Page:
…continuedThe Discovery of the Perseid Meteors
As so often happens in science, others were working along the same lines independently just months apart. The 1833 Leonid storm had galvanized interest in meteors, and the time was ripe. Adolphe Quetelet, a Belgian statistician and founder and director of the Brussels Observatory, had mentioned mid-August meteors very tentatively six months earlier. His attention had been called to meteors by François Arago of France, who dominated European science at the time with his skill in discerning important scientific problems and suggesting experiments to solve them. What, asked Arago in the wake of the 1833 display, constituted a shower of meteors, and what was the rate of the ordinary, everynight drizzle?
By the following year, Quetelet had accidentally found records in his observatory of exceptional meteor displays on August 10th of 1834 and 1835 to accompany the increase he had seen in 1836. He called for scientists at the March 4, 1837, session of the Royal Academy of Brussel to watch the sky on August 10, 1837.
Herrick stumbled onto another annual meteor shower that occurred around December 7th, the Andromedids or Bielids (so named much later, in 1872, for their association with Biela's Comet). This was fun, discovering meteor showers. Herrick called for worldwide observations all night and year round. He also offered some practical advice. "Shooting stars must always be watched in the open air: observations through a window can not be trusted."
When the following August (1839) came around, Herrick and three friends concentrated on determining the radiant of their favorite shower. They concluded that the August meteors appear to come from Perseus and were right.
But again Herrick's discovery was not the first. This time he was five years too late.
Locke and the Perseids
Locke's letter in a small newspaper on the Western frontier went completely unnoticed. But he read and contributed to the scientific journals and was angry when Herrick and Quetelet gained acclaim for discovering both the August meteors and their radiant. He wrote to Silliman (for whom he had once worked as a lab assistant) claiming credit and snubbing the later discoverers. Silliman passed the letter to Herrick, who immediately wrote up a notice for the American Journal of Science and Arts acknowledging Locke's observations. So now there were three independent discoverers of the Perseid meteor shower.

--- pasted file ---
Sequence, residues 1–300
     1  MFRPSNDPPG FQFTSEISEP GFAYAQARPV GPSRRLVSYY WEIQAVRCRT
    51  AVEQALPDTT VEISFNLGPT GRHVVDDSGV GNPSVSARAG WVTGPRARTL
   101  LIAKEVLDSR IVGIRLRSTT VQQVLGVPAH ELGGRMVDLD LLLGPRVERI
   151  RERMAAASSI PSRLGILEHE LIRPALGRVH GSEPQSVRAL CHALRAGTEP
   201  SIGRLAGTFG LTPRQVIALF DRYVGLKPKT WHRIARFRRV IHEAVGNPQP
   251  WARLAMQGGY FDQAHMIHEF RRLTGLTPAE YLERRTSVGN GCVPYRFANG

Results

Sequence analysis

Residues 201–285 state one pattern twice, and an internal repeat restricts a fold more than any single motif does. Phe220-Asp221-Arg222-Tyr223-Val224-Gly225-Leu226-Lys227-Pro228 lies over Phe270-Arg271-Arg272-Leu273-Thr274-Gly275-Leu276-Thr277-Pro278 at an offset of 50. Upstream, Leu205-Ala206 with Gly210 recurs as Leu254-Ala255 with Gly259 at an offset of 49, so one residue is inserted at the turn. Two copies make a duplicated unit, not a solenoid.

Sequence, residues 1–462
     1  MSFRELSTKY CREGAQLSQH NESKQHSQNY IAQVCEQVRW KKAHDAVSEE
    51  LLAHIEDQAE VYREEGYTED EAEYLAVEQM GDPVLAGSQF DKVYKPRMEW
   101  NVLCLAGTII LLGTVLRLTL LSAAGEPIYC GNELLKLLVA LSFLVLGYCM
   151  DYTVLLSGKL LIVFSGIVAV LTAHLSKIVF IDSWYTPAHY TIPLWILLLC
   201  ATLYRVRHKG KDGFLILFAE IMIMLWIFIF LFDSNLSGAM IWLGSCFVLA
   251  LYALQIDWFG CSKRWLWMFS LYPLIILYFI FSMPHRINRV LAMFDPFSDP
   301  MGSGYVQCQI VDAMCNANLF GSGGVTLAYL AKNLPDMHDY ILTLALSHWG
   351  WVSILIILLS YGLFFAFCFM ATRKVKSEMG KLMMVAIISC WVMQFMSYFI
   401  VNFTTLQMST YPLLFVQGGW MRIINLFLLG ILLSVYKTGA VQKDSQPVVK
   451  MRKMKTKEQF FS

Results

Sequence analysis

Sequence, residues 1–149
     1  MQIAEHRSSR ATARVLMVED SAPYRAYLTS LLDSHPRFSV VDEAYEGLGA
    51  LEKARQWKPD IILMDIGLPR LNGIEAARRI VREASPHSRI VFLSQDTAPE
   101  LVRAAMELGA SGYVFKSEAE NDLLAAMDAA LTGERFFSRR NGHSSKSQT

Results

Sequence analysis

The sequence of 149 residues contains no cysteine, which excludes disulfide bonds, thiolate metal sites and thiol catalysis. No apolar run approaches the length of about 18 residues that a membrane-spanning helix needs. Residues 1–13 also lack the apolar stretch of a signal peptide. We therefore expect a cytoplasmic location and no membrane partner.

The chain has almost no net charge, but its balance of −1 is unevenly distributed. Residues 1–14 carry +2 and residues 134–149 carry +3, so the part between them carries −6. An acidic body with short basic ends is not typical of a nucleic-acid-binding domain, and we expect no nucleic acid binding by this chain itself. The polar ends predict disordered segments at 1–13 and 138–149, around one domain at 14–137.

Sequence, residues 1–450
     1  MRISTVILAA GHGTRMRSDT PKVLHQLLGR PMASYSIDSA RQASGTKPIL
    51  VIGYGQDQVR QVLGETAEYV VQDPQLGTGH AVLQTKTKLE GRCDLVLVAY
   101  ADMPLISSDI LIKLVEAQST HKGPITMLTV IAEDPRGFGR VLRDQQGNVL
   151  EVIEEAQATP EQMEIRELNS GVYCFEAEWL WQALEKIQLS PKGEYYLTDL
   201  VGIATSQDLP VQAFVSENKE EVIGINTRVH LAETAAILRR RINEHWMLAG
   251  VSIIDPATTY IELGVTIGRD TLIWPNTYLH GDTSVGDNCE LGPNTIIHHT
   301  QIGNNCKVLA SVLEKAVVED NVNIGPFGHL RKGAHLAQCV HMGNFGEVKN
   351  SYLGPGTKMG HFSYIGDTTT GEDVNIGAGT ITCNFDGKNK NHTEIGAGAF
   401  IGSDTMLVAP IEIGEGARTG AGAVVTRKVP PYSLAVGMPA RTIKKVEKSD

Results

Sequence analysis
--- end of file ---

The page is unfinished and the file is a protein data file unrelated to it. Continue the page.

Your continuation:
Well, not three after all, it turned out. Thousands.
The Tears of Saint Lawrence
The earliest discoverers of the Perseids were anonymous, and their feat lay buried in an English farmer's almanac. Both Quetelet and Herrick chanced upon it. Bravely, Herrick acknowledged, "The annual occurrence of a meteoric display about the 10th of August appears to have been recognized for a very great length of time." Thomas Furley Forster of London had recorded it in 1827 in his Pocket Encyclopaedia of Natural Phenomena. "According to Mr. T. Forster," Herrick reported in October 1839, citing Quetelet, "a superstition has 'for ages' existed among the Catholics of some parts of England and Germany that the burning tears of St. Lawrence are seen in the sky on the night of the 10th of August; this day being the anniversary of his martyrdom."
Herrick never seemed bitter about being repeatedly upstaged. He continued to tend his August meteors with great faithfulness and to report their activity in Silliman's journal all the remaining years of his life.
In 1838, soon after his first scientific articles appeared in print, Herrick lost his bookstore. But Yale was so impressed by his scholarship that it awarded him an honorary master of arts degree. Five years later, Yale built a new library and made Herrick college librarian. It was a pleasant irony for a man whose eye trouble had kept him from college and who had complained about New Haven's poor libraries. Herrick spent the next 15 years vigorously developing the Yale library collections. He never married. He never took a vacation.
Later he assumed the duty of writing and publishing Yale's obituaries of graduates and faculty. Herrick was so organized and efficient that he wrote his own death notice a few days before he died in 1862 at the age of 51.